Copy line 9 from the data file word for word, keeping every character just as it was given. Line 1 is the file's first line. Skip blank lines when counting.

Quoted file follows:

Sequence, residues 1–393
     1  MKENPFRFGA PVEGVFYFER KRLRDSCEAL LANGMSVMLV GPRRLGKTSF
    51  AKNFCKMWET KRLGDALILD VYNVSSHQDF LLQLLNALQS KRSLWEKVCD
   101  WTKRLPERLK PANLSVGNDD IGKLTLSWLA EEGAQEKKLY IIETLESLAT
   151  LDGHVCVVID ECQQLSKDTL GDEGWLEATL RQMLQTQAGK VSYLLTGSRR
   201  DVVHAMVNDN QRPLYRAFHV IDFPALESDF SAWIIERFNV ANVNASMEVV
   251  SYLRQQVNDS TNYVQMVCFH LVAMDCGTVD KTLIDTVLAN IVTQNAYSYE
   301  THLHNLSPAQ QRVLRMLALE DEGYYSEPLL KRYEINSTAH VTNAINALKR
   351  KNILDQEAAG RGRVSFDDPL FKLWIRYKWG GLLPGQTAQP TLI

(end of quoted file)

   351  KNILDQEAAG RGRVSFDDPL FKLWIRYKWG GLLPGQTAQP TLI